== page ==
Cultural discourses, norms and practices as drivers of gender inequality in health conditions

According to the United Nations, half of the women in selected countries do not have access to the health care they need and female life expectancy at birth is still considerably low [8, 15]. In this regard, our arguments focus on the importance to focus on cultural discourses, norms and practices that adversely affect women’s health and prevent them from seeking the medical attention they need [2].

Our analysis addresses how pervasive gender norms are in selected countries in Latin America contribute to the increased risk in women contracting HIV/AIDS. Similarly, we propose a reflective practice on how cultural meanings of FGC/E in practicing countries contribute to its perpetuation. The central point is that culture, traditions and discourses often lie at the root of the inequities in health conditions.

The consequences of Machismo and Marianismo cultures in Latin American countries on the prominence of HIV/AIDS in women

The cultures of machismo and marianismo embed pervasive gender roles into the social discourse of many Latin American countriesFootnote 4 [3]. Together, they create a gendered belief system which promotes the dominance of masculine ideals within a given Latino society [16]. This cultural narrative centred around principles of male dominance and female passivity, is linked to an increase in the prevalence of HIV/AIDS in Latin American countries, mainly due to the values it promotes and the aspirations it outlines for men and women early on in their lives [17].

Machismo culture refers to the expectation that men are meant to be strong, active, and independent actors in the family [1]. It additionally promotes the idea that men must have multiple sexual partners, both before and after marriage [3]. Conversely, marianismo refers to the woman’s expected role in society as one that embodies the values of modesty, chastity, and the willingness to serve men [16]. It places a strong emphasis on women’s submission to men both within the family and with regards to sexuality. Indeed, women in marianismo cultures are expected to forego their decision-making skills and autonomy in the family life and to remain “sexually naïve,” ignorant of healthy sexual practices such as the importance of contraceptives and condom use [1]. In essence, machismo and marianismo cultures work together to support an open hierarchical gender structure within society where men are granted freedom, autonomy and decision-making power, particularly in the family and in sexual relationships, while women should remain passive, submissive and ignorant of safe sexual practices [1].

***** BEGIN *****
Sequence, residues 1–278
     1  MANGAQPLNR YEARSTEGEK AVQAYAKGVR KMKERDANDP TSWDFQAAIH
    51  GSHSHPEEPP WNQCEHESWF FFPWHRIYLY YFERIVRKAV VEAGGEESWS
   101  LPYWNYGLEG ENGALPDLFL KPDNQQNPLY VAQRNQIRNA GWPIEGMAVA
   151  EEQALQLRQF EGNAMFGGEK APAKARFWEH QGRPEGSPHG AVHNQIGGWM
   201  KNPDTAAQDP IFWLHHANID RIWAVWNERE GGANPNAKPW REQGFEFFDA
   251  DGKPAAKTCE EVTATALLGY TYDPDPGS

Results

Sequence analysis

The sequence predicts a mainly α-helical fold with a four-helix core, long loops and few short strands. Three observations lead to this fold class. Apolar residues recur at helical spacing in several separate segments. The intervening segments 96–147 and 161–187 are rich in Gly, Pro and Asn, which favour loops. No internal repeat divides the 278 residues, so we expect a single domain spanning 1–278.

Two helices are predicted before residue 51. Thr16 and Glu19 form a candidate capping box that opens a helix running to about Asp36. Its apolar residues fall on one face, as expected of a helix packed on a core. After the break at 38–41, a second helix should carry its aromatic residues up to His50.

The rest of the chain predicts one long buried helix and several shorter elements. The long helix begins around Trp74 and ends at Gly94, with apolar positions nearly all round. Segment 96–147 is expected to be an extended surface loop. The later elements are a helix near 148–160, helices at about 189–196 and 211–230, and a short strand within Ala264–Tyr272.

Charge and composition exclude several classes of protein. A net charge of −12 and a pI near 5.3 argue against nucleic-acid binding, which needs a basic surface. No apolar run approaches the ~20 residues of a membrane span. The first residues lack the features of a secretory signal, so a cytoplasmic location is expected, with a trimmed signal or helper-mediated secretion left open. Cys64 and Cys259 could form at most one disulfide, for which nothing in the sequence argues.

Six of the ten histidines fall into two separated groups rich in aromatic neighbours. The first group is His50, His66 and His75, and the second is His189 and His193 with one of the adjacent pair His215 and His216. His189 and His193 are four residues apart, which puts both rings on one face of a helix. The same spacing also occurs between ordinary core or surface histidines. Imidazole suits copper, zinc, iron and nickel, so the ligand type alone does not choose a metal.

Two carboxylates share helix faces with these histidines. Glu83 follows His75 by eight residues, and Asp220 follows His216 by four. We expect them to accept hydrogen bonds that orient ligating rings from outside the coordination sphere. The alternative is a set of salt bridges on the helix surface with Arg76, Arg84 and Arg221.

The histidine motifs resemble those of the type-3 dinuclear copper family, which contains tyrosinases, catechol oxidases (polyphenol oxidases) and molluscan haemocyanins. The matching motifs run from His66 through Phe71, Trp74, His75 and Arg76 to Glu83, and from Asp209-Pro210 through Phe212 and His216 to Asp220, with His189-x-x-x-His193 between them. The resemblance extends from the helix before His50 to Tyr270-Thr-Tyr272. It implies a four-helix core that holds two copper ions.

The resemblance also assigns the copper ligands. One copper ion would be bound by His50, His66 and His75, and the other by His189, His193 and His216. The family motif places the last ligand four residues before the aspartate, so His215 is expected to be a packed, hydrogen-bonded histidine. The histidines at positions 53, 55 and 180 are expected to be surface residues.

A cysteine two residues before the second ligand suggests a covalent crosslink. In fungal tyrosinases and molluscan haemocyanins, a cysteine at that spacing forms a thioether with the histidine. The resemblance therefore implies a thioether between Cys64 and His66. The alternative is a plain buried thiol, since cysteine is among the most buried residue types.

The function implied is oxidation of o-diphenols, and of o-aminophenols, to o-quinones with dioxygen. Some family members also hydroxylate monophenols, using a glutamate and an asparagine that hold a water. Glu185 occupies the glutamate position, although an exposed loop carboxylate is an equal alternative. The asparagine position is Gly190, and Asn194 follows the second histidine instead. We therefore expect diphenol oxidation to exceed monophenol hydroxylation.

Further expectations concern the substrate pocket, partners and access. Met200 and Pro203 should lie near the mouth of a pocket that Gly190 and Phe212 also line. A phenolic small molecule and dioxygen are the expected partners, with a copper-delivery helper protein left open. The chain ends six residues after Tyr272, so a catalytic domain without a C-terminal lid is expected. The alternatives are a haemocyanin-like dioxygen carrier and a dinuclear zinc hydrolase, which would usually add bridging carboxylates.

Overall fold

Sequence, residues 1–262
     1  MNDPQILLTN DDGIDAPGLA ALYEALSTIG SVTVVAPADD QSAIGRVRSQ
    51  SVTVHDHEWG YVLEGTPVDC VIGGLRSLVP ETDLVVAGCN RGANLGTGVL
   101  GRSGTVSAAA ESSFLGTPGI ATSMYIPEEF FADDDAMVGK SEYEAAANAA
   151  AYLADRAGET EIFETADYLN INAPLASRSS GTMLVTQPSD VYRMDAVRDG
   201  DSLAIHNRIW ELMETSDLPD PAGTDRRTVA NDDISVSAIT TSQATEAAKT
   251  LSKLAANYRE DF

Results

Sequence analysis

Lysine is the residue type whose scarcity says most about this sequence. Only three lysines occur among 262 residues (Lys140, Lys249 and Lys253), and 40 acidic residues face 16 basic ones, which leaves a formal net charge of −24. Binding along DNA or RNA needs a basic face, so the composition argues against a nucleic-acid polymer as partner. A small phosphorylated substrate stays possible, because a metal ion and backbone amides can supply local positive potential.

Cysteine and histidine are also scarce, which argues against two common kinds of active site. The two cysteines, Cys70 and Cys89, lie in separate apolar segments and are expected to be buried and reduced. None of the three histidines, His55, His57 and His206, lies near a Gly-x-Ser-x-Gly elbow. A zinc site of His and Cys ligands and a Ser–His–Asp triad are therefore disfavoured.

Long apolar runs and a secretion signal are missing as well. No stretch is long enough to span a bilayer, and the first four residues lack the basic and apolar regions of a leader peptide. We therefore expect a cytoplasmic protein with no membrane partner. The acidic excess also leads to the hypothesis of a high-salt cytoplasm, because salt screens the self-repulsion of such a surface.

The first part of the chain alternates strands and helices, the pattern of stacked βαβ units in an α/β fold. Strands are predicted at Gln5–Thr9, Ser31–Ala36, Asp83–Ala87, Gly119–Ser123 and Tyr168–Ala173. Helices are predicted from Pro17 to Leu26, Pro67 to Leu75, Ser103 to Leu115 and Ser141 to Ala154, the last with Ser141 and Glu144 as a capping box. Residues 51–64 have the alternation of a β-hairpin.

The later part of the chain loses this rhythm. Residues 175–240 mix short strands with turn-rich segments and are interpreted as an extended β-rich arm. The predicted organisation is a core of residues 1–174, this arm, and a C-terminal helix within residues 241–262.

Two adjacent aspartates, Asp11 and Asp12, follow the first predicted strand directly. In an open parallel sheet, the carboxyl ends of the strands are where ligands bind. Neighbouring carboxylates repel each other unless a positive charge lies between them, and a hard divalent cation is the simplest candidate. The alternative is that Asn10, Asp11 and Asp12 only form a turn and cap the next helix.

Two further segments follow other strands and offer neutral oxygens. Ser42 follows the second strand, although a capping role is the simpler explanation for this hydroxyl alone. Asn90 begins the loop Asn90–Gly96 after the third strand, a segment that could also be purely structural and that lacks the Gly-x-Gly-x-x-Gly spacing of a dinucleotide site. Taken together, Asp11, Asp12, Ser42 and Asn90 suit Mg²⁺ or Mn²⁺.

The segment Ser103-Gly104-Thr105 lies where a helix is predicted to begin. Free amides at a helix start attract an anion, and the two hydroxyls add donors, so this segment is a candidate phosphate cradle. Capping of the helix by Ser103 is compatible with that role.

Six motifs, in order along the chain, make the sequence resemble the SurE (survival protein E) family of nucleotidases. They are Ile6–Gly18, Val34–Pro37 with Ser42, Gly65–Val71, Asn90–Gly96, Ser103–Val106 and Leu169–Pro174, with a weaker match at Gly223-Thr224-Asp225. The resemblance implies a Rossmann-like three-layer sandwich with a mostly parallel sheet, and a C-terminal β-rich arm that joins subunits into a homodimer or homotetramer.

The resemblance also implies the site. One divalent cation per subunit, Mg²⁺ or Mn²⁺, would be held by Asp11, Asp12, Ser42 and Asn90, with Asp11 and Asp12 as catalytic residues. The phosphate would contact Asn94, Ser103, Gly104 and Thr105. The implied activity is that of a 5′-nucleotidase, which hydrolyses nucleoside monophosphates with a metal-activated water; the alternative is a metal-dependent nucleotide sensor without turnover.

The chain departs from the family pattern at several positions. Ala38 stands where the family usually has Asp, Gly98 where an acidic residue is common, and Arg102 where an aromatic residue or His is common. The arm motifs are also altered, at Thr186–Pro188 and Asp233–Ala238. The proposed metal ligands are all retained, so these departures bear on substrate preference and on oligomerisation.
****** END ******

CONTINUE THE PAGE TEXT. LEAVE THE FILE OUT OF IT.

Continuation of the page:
This hierarchical belief system created through the intersection of marianismo and machismo value sets is strongly ingrained in Latin American culture, to the extent that the ideals and expectations it promotes become constructive of the Latino and Latina identity [17]. In selected societies in Peru, for instance, male and female identities are typically classified as either “macho/mariana,” or as “maricon/puta”Footnote 5 [1]. The former classification refers to men and women who conform to their socially accepted roles and, therefore, benefit from widespread social acceptance [1]. In contrast, men and women who deviate from their socially expected gender roles – for instance, men and women who are knowledgeable about sex and particularly sexually experienced - are pejoratively labeled as maricones and putas. Those whose identities fall into these latter categories often find themselves at the center of widespread humiliation and social rejection [1].

As a result, Peruvian men and women strive to meet these gender expectations in order to benefit from socially sanctioned identities [1]. In addition, such societal attitudes act as an obstacle in HIV/AIDS prevention, as it promotes unhealthy sexual behaviour for men and, more importantly, prevents women from negotiating healthier practices. Men in machismo cultures may engage engage in extramarital affairs as a means of proving their virility, and thus, to remain in good social standing [1]. These affairs frequently occur without condom use, thereby increasing the risk of HIV/AIDS transmission [1]. Moreover, the expectation that mariana women remain submissive to men gives them little say in the sexual relationship, and would likely render their requests for condom use futile [1, 17]. HIV/AIDS in women in these cultures is similarly heavily stigmatized. As a result, the fear of being viewed as overly sexually experienced or knowledgeable - and thus being classified as a puta and bearing social rejection and humiliation - often prevents women from seeking the testing, treatment and medical care they need to live with a potentially deadly condition [1]. Lastly, a machismo/marianismo centered society promotes the idea that women must place their needs second to the interests of their husband and children [1]. Therefore, their seeking necessary healthcare is rare [3].

The effects of a tarnished reputation due to a disclosure of one’s HIV-positive status within these societies are particularly difficult on women, who often cannot afford to be financially rejected by their families [1]. As a result, upholding their socially sanctioned identities is crucial. As indicated above, doing so can be equally harmful, as it requires women to engage in and accept sexual practices which increase their risk of contracting HIV/AIDS, and continue to obstruct to their access to necessary health care.